Movie Review – Booksmart

TL;DR – While it follows a lot of the plot beats of similar films, it stands out on its own by focusing on the characters that are the heart of the movie.      

Score – 4 out of 5 stars

Post-Credit Scene – There is no post-credit scene

Booksmart. Image Credit: Annapurna Pictures.

Review

There are some scenarios that you see get plaid out in cinema over and over again. Indeed, one of the most popular scenarios is looking at that last few days before you graduate high school. I think it is so popular because it is something that nearly every person in the target audience has or will go through. So it becomes a nexus of past nostalgia and future promise. Either way, it is a scenario that I have seen put to film over and over again, especially in the R-rated comedy genre. However, in all the scenarios, I have never seen a film quite like this.

So to set the scene, high school is drawing to a close and class valedictorian Molly Davidson (Beanie Feldstein) and her best friend Amy (Kaitlyn Dever) are getting ready to survive the final day of classes. Molly is going to Yale and spent all her time at school making that happen, and Amy is getting ready to spend a summer in Botswana as an aid worker. However, Molly’s certainty about her past is shaken when she discovers that all the kids that partied throughout high school also got into top universities. Well, there is only one night left before graduation and Molly know just what to do, she needs to go to Nick’s (Mason Gooding) party so she can have the full high school experience and she is dragging Amy along with her.

Booksmart. Image Credit: Annapurna Pictures.
One of the strengths of Booksmart is its ability to make these characters feel like real friends. Image Credit: Annapurna Pictures.

Booksmart is one of those films that has gone through a number of revisions from different people since it was first pitched. When you get a bunch of different voices all overlapped on top of each other it can become messy but not so here. From a story structure perspective, Booksmart follows the structure of a lot of other films about trying to get to that one party like The Night Before or Superbad where there is a simple goal (get to the party) only for everything to go wrong between Point A and Point B. So while this common structure remains in place what sets Booksmart apart for many of the other films in this genre is that they fill the cast with characters that are both relatable but also characters that feel like fully-formed people.

I have watched a lot of films where people are cast together as friends but you can feel it in the writing or the acting that this is just not the case. However, here Beanie Feldstein and Kaitlyn Dever have instant chemistry that is just so rare in cinema. Their character’s relationship is not one note, it is good, but also flawed, it shifts and changes and bends till it almost breaks but stays true, and that is just the first act. This is a combination of great acting, clear writing, and consistent direction and it shows.

Booksmart. Image Credit: Annapurna Pictures.
It also has a really strong supporting cast. Image Credit: Annapurna Pictures.

As well as the leading cast, I also found the supporting cast of character to be really compelling. Most of the characters are introduced as these one-note almost caricatures of teenagers. However, as the movie goes on, you see that this is just the mask that they wear and beneath that is a much more complicated person. As someone who wore a lot of masks during high school, this is something I really resonated with. To add to all this is some older parent roles that are just hilarious, shout out to Jason Sudeikis’ just over it school principle. However, not all of it worked as well, for example, it felt like Miss Fine originally had a much smaller role and then they cast the amazing Jessica Williams so they stretched the role out. But sleeping with one of your student’s subplot is well tacky at best and deeply problematic most of the rest of the time and while the film avoids the later it can’t escape the first.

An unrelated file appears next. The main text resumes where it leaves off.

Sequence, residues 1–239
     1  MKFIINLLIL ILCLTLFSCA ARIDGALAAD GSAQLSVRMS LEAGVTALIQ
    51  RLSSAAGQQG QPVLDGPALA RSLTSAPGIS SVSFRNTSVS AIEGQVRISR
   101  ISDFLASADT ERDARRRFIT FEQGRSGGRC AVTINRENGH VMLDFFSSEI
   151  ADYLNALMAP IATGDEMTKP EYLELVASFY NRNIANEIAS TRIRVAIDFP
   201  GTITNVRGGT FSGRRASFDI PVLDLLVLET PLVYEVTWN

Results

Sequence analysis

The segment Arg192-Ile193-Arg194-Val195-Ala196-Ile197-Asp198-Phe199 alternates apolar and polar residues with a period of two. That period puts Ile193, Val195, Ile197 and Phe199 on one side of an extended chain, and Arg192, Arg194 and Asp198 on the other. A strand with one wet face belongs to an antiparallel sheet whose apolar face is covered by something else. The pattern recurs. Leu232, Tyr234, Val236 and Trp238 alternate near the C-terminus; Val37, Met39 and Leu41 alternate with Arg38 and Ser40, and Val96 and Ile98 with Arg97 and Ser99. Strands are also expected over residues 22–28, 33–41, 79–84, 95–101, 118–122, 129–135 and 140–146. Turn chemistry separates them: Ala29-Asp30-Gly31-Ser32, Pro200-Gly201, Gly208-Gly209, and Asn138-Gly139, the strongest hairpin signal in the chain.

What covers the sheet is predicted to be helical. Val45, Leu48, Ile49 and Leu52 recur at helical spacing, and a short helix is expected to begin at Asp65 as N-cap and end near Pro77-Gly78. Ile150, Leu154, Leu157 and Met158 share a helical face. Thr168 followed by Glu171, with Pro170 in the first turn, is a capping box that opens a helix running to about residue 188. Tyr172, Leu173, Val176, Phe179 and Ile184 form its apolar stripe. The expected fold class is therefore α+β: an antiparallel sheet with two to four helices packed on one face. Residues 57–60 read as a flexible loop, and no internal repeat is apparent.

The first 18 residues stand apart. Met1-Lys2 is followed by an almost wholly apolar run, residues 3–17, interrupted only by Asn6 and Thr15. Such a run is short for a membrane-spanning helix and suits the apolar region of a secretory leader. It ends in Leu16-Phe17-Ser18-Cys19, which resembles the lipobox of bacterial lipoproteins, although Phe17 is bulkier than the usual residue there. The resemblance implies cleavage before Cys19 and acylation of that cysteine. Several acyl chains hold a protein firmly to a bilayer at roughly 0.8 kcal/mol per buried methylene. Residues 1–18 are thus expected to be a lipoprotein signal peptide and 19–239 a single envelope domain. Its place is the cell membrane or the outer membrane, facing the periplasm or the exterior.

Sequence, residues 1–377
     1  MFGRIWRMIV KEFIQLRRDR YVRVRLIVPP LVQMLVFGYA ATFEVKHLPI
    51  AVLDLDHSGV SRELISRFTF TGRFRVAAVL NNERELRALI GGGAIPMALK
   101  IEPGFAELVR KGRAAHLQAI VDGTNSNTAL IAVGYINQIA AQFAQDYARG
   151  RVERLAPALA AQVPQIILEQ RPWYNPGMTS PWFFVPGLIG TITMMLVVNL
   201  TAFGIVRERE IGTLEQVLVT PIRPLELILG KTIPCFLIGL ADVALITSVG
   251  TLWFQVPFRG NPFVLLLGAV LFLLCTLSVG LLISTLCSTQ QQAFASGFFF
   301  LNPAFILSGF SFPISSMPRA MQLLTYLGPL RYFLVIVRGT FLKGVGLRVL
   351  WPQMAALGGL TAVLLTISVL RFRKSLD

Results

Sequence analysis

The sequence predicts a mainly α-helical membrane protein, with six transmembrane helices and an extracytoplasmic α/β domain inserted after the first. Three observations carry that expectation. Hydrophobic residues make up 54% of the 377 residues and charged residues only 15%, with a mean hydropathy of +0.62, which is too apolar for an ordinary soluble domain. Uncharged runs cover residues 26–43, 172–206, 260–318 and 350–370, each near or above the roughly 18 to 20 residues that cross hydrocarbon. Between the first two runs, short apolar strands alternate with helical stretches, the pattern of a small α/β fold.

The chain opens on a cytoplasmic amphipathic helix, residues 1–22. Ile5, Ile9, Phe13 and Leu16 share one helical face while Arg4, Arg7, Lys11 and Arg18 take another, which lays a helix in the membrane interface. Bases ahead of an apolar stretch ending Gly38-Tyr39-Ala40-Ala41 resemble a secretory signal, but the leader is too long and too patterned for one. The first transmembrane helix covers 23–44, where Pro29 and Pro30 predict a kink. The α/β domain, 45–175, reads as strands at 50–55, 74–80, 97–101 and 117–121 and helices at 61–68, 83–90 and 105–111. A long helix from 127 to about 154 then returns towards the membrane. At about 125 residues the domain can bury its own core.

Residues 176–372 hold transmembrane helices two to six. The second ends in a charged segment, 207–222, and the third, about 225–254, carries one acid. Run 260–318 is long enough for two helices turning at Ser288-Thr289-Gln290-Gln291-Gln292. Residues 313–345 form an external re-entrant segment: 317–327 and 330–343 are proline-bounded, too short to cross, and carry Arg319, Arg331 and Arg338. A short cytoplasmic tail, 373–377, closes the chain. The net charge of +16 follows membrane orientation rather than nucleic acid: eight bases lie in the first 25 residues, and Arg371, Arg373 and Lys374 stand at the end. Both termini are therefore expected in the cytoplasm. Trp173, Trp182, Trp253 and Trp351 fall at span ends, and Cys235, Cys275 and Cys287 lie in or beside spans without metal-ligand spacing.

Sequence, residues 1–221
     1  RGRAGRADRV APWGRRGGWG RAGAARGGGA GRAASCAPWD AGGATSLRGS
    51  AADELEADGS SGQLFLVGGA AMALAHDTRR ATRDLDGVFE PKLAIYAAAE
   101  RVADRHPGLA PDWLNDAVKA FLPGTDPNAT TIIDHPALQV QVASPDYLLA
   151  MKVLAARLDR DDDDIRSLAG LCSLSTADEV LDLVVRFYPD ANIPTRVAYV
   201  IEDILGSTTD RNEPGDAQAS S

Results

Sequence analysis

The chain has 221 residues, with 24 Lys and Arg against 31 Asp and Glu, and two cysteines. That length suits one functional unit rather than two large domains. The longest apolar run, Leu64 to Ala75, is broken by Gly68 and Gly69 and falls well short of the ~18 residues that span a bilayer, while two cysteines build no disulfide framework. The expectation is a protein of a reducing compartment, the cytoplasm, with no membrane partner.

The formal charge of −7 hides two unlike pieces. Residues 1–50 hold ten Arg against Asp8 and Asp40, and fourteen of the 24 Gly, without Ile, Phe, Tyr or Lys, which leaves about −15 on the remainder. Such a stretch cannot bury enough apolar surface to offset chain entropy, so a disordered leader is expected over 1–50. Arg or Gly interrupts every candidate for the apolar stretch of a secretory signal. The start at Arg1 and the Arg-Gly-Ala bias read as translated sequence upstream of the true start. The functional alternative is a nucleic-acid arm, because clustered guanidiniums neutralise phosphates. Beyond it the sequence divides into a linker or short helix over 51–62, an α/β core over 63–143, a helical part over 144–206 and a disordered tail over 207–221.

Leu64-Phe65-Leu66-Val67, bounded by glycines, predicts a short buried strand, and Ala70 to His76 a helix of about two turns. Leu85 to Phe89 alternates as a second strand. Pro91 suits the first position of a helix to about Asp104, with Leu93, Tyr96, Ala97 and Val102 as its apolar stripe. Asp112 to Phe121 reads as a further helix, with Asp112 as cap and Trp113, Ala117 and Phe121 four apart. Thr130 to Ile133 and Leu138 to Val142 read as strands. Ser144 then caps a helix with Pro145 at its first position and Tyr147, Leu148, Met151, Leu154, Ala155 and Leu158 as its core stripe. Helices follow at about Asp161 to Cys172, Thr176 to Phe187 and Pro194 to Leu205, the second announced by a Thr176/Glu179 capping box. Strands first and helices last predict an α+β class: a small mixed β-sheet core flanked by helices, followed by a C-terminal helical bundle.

In the end, do we recommend Booksmart? Well yes, we would, with a couple of qualifications. While I found it really enjoyable, it is still an American R-rated comedy, so if you are not a fan of language or frank discussion of things of a sexual nature then this is not the film for you. Overall, I think it really captured the essence of friendship in a way I have not seen a lot of films do, and that was fun to watch.       

By Brian MacNamara: You can follow Brian on Twitter Here, when he’s not chatting about Movies and TV, he’ll be talking about International Relations, or the Solar System.

Have you watched Booksmart?, let us know what you thought in the comments below, feel free to share this review on any of the social medias and you can follow us Here. Check out all our past reviews and articles Here, and have a happy day.
 


Credits –
All images were created by the cast, crew, and production companies of Booksmart
Directed by
– Olivia Wilde
Written by – Emily Halpern, Sarah Haskins, Susanna Fogel & Katie Silberman
Music by – Dan the Automator
Cinematography by – Jason McCormick
Edited by – Brent White & Jamie Gross
Production/Distribution Companies – Annapurna Pictures, Gloria Sanchez Productions & Universal Studios
Starring
– Beanie Feldstein, Kaitlyn Dever, Jessica Williams, Lisa Kudrow, Will Forte, Jason Sudeikis, Billie Lourd, Diana Silvers, Skyler Gisondo, Molly Gordon, Noah Galvin, Austin Crute, Victoria Ruesga, Eduardo Franco, Nico Hiraga, Mason Gooding, Mike O’Brien, Bluesy Burke, Christopher Avila, Stephanie Styles, Adam Simon Krist, Gideon Lang & Maya Rudolph
Rating – Australia: MA15+; Canada: 14A; Germany: na; New Zealand: R; United Kingdom: 15; United States: R

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